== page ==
Movement and distribution of pre-adult Bald Eagles from southern Ontario and interior New York

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University of New Brunswick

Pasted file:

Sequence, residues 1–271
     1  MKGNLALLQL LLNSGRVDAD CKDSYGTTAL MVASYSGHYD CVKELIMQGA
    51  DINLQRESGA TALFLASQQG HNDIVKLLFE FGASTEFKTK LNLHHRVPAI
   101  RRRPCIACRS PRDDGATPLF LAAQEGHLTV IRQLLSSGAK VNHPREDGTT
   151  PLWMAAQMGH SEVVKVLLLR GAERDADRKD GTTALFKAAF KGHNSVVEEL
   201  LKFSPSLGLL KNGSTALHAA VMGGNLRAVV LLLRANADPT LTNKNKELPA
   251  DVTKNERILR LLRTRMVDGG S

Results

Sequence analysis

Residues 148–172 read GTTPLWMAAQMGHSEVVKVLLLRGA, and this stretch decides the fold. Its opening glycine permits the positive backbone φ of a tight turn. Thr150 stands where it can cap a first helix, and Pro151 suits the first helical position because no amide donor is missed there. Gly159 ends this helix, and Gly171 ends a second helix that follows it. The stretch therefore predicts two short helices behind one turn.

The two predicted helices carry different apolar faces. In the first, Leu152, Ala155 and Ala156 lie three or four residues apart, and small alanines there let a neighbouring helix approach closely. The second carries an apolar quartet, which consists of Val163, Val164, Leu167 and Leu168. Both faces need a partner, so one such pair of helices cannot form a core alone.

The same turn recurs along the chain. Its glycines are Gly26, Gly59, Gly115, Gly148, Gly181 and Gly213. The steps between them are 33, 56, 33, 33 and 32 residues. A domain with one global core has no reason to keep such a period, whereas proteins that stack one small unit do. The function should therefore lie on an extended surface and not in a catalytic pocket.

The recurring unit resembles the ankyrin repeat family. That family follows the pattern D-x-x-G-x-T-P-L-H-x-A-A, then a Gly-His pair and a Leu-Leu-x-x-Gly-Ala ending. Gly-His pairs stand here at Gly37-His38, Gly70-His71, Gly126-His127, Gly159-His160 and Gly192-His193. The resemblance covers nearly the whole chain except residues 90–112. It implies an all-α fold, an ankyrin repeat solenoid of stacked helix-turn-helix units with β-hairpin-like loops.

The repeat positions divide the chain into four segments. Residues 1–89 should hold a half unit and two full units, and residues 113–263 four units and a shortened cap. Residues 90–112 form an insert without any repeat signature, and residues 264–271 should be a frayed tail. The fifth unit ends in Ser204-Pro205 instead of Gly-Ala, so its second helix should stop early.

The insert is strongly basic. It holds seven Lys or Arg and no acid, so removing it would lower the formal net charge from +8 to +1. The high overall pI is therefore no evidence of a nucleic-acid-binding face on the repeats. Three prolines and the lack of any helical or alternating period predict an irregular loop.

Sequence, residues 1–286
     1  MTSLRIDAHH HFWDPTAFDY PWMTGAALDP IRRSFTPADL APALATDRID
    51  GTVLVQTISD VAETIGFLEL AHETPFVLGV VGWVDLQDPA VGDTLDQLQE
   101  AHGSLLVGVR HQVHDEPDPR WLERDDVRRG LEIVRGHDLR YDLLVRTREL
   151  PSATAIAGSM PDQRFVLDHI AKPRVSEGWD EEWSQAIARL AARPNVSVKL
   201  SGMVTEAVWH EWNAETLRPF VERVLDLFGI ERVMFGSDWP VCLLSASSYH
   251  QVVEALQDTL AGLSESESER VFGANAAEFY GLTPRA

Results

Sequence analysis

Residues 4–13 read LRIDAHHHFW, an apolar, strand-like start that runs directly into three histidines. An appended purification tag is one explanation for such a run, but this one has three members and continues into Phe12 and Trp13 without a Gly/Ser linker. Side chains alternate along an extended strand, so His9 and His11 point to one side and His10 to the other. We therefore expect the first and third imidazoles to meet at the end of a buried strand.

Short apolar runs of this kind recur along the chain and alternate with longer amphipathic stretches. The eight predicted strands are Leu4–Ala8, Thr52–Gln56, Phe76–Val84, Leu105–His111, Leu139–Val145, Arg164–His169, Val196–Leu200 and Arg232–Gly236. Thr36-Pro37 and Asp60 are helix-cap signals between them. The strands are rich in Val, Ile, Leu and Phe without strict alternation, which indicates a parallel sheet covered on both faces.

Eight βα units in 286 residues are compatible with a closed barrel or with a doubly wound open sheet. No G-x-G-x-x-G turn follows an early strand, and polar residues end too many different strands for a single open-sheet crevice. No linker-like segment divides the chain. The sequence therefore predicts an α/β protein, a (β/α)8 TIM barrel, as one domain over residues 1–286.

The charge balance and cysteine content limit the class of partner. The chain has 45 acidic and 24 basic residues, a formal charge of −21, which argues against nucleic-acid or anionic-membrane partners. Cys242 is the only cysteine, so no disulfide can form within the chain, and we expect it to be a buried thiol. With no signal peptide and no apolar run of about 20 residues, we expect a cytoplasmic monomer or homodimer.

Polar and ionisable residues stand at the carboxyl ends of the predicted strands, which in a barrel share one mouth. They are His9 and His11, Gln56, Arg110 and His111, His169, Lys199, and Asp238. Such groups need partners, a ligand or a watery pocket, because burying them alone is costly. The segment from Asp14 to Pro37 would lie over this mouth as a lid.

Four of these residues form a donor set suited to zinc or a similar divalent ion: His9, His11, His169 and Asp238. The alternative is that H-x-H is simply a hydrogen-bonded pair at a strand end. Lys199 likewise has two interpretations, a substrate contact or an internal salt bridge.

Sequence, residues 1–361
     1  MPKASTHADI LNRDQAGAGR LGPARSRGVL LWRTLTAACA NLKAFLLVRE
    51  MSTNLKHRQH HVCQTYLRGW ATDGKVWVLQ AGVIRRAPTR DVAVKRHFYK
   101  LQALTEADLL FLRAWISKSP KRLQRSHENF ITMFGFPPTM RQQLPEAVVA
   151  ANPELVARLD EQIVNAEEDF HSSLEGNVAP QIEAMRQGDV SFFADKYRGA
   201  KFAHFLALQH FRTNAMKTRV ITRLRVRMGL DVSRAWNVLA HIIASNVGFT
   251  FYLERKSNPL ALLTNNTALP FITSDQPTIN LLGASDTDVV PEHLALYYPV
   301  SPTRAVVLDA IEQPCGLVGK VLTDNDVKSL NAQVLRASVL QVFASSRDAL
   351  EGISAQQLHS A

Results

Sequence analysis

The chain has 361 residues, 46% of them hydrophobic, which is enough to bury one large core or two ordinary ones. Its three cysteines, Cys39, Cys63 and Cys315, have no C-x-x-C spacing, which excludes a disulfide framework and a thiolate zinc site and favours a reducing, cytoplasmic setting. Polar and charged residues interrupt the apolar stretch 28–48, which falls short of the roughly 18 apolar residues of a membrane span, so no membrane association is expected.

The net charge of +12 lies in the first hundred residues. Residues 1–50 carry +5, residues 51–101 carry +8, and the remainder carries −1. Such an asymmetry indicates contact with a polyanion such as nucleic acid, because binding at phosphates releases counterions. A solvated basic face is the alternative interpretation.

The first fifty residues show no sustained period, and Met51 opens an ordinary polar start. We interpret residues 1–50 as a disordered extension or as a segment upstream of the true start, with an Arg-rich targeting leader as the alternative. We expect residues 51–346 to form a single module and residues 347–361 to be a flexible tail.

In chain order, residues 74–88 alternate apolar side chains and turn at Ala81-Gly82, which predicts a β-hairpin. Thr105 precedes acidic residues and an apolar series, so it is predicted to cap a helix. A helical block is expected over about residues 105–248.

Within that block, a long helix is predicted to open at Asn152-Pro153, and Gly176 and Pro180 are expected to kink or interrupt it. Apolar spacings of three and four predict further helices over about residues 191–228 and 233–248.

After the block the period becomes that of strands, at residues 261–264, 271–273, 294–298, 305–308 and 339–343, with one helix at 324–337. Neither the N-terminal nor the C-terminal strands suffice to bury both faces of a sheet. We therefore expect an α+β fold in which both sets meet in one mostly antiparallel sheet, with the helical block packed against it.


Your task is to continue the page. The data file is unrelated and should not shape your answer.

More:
Movement strategies in the pre-adult life stage of some species have major consequences to individual fitness while individuals search for critical resources and avoid risks to their survival. In this thesis, I examined the movement ecology of pre-adult Bald Eagles (Haliaeetus leucocephalus) using satellite telemetry. I first compared differences in movement and distribution among siblings and noted that although their movements were separate to their sibling counterparts, they undertook similar movement strategies, which could mean their movements may not be statistically independent. Next, I compared the variation of movements among individual pre-adult Bald Eagles by modelling the effects of age, sex, movement strategies, and season. I found that age and season best explained variation in range size, while sex primarily influenced distances travelled. Lastly, I used satellite telemetry to identify “hotspot” locations, and to compare satellite-tracked spatial relocations to data collected from a citizen science project, eBird (a less costly method of obtaining species locations). I identified the Catskill Mountains and northern shore of Lake Erie as hotspot areas. I also found that in urban and populated settings, Bald Eagle locations are adequately represented by eBird, however locations in less-populated areas such as Canada’s far north do not have adequate eBird documentation when assessing distributions.